3 Levels of academic success 3Learns with satisfaction and joy (student is on the way to becoming a lifelong learner)2Earns high grades on assignments that challenge (completes assignments that require effort)1Gets good grades with ease (completes assignments with little effort)Julia Roberts in The Challenge, Summer, 2008
4 Defining Underachievement Three General ThemesDiscrepancy between potential (ability) and performance (achievement)A regression involving potential and performanceFailure to develop potential or latent abilityWhat is underachievement? There is no universally agreed upon definition of underachievement. However, three general themes emerge. (Reis and McCoach, 2000)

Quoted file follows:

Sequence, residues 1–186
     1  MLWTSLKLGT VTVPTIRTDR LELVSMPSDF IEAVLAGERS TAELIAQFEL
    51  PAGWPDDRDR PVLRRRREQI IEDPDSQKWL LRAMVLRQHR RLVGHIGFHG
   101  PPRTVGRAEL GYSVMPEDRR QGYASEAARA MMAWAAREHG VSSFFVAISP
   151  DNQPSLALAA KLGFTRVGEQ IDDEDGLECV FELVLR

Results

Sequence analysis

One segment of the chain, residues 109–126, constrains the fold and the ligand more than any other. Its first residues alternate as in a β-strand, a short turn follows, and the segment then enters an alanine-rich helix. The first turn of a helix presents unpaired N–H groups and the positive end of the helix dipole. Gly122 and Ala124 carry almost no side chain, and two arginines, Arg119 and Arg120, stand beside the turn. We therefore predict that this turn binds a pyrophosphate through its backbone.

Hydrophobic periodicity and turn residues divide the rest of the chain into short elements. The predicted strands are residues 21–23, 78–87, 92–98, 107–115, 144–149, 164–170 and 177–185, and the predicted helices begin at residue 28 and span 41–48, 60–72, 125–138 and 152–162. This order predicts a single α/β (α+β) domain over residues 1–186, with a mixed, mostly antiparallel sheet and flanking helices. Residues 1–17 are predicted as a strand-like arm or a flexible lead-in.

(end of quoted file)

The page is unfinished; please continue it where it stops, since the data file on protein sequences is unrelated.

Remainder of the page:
5 Defining Underachievement 1. Discrepancy between ability and achievementRequires defining ability.Requires defining achievement.Most commonly used method of defining ability involves the use of IQ tests such as the WISC-IV and the Stanford-Binet IV. But the percentile rank used as the criteria for defining giftedness varies from state to state. Some describe this as “geographic giftedness.” But no test is 100% reliable, so confidence intervals are used. WV’s is at the 68% confidence interval. Psychologists can never determine with 100% certainty a student’s true score (Reis and McCoach, 2000).Then we have the problem of defining achievement. Standardized achievement tests can be used, but they also are not completely reliable and subject to errors of measurement of the criterion. Also, the correspondence between the state’s adopted curriculum and the standardized test is usually imperfect.If one uses performance in the classroom defined by course grades, it is impossible to compare grades across subject areas or even across students because of the variability in content and presentation by different teachers. Grades are not standardized across the state or even across a county school district.